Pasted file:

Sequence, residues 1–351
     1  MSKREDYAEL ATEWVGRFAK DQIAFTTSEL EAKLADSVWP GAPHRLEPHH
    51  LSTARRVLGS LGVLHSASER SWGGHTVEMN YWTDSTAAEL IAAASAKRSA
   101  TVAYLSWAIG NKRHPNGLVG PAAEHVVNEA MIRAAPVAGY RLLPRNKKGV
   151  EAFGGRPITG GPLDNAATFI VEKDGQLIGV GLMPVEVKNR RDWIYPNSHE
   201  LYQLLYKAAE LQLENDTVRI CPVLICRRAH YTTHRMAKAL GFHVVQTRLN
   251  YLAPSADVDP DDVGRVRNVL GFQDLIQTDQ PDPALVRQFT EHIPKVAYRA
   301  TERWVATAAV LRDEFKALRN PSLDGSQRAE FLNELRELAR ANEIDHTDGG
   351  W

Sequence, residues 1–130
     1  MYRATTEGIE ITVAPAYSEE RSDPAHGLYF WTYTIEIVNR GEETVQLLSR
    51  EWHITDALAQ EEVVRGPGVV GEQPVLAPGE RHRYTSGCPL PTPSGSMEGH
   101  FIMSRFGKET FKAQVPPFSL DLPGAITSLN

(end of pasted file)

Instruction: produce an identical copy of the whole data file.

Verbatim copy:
Sequence, residues 1–351
     1  MSKREDYAEL ATEWVGRFAK DQIAFTTSEL EAKLADSVWP GAPHRLEPHH
    51  LSTARRVLGS LGVLHSASER SWGGHTVEMN YWTDSTAAEL IAAASAKRSA
   101  TVAYLSWAIG NKRHPNGLVG PAAEHVVNEA MIRAAPVAGY RLLPRNKKGV
   151  EAFGGRPITG GPLDNAATFI VEKDGQLIGV GLMPVEVKNR RDWIYPNSHE
   201  LYQLLYKAAE LQLENDTVRI CPVLICRRAH YTTHRMAKAL GFHVVQTRLN
   251  YLAPSADVDP DDVGRVRNVL GFQDLIQTDQ PDPALVRQFT EHIPKVAYRA
   301  TERWVATAAV LRDEFKALRN PSLDGSQRAE FLNELRELAR ANEIDHTDGG
   351  W

Sequence, residues 1–130
     1  MYRATTEGIE ITVAPAYSEE RSDPAHGLYF WTYTIEIVNR GEETVQLLSR
    51  EWHITDALAQ EEVVRGPGVV GEQPVLAPGE RHRYTSGCPL PTPSGSMEGH
   101  FIMSRFGKET FKAQVPPFSL DLPGAITSLN